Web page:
James Turk
The Rise and History of Central Banking
Posted on 2019-12-03 01:57:00 [ Show older headlines ]
Following the Barings crisis in 1890 the concept of a lender of last resort was widely seen to be a solution to the extremes of free markets. Initially, this meant that the bank nominated by the government to represent it in financial markets and to oversee the supply of bank notes took on a role of coordinating the rescue of a bank in difficulty, in order to stop it becoming a full-blown financial crisis. When the gold standard applied, this was the practical limitation of a central bank’s role.

This was the general situation before the First World War. In fact, even under the gold standard there was significant inflation of base money in the background. Between 1850 and 1914 above ground gold stocks increased from about 5,000 tonnes to nearly 24,000 tonnes. Not all of it went into monetary gold, but the amount that did was decided by the economic actors that used money, not the monetary planners as is the case today.

It was against this background that the US Federal Reserve Bank was founded in December 1913. Following WW1, it became a powerful institution under the leadership of Benjamin Strong. Those early post-war years were turbulent times: due to war time inflationary financing, wholesale prices had doubled in the US between 1914-1920, while the UK’s had trebled. This was followed by a post-war slump and by mid-1921 unemployment in the UK soared to 25%. In the US, the Fordney-McCumber tariffs of 1922 restricted European debtors from trading with America, necessary to pay down their dollar debts. A number of countries descended into hyperinflation, and the Dawes plan designed to bail out the Europeans followed in 1924.

While America remained on a gold standard, Britain had suspended it, only going back on to it in 1925. While the politicians decided overall policy, it was left to central bankers such as Strong at the Fed and Montague Norman at the Bank of England to manage the fallout. Their relationship was the most tangible evidence of central banks beginning to cooperate with each other in the interests of mutual financial stability.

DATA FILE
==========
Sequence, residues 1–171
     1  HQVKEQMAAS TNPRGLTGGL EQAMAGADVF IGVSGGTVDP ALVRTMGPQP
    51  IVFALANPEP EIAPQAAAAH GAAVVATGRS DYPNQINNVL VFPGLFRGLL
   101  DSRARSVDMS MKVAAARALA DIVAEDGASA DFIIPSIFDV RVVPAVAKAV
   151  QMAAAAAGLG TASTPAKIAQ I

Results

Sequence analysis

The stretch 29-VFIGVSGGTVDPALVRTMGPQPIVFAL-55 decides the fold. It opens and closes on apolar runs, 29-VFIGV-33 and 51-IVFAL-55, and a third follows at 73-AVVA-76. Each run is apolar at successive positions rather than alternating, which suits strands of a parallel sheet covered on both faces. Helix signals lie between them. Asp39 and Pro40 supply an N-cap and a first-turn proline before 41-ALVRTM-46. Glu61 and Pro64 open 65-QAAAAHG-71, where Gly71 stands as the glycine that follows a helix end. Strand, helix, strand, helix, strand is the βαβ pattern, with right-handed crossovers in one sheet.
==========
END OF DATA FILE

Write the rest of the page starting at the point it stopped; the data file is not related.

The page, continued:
With the backing of ample gold reserves, Strong was an advocate of price targeting through the management of money supply, particularly following the 1920-21 slump. His inflationary policies assisted the management of the dollar-sterling exchange rate, supporting sterling which at that time was not backed by gold. Strong also made attempts to develop a discount market in the US, which inflated credit markets further. One way and another, with the Fed following expansionary money policies and commercial bankers becoming more confident of lending prospects, monetary inflation fuelled what came to be known as the roaring twenties.

That came to a sharp halt in October 1929 when the credit cycle turned, and the stock market crashed. Top to bottom, that month saw the Dow fall 35%. The trigger was Congress agreeing to the Smoot-Hawley Tariff Act on 30 October, widely recognised at the time as a suicide note for the economy and markets, by raising trade tariffs to an average of 60% from the Fordney-McCumber average of 38%. President Hoover signed it into law the following June and by mid-1932 Wall Street had fallen 89%.

With such a clear signal to the bankers it is not surprising they drew in their horns, contracting credit, indiscriminatingly bankrupting their customers. All the expansion of bank credit since 1920 was reversed by 1934. Small banks went bankrupt in their thousands, overwhelmed by bad debts, particularly in the agricultural sector, as well as through loss of confidence among their depositors.

The depression of the 1930s overshadowed politics in the capitalist economies for the next forty years. Instead of learning the lessons of the destruction wrought through cycles of bank credit, economists doubled down arguing more monetary and credit inflation was the solution. To help economic sentiment recover, Keynes favoured deficit spending by governments to take up the slack. He recommended a move away from savers being the suppliers of capital for investment, with the state taking a more active role in managing the economy through deficit spending and monetary inflation.

The printing of money, particularly dollars, continued under the guise of gold convertibility during the post-war Bretton Woods system. America had enormous gold reserves; by 1957 they were over 20,000 tonnes – one third of estimated above-ground gold stocks at that time. It felt secure in financing first the Korean then the Vietnam wars by printing dollars for export. Unsurprisingly, this led to the failure of the London gold pool in the late 1960s and President Nixon suspending the fig-leaf of dollar convertibility into gold in August 1971.

Once the dollar was freed from the discipline of gold, the repeating cycle of bank credit was augmented by the unfettered inflation of base money, a process that has continued to this day...

- Source, James Turks Goldmoney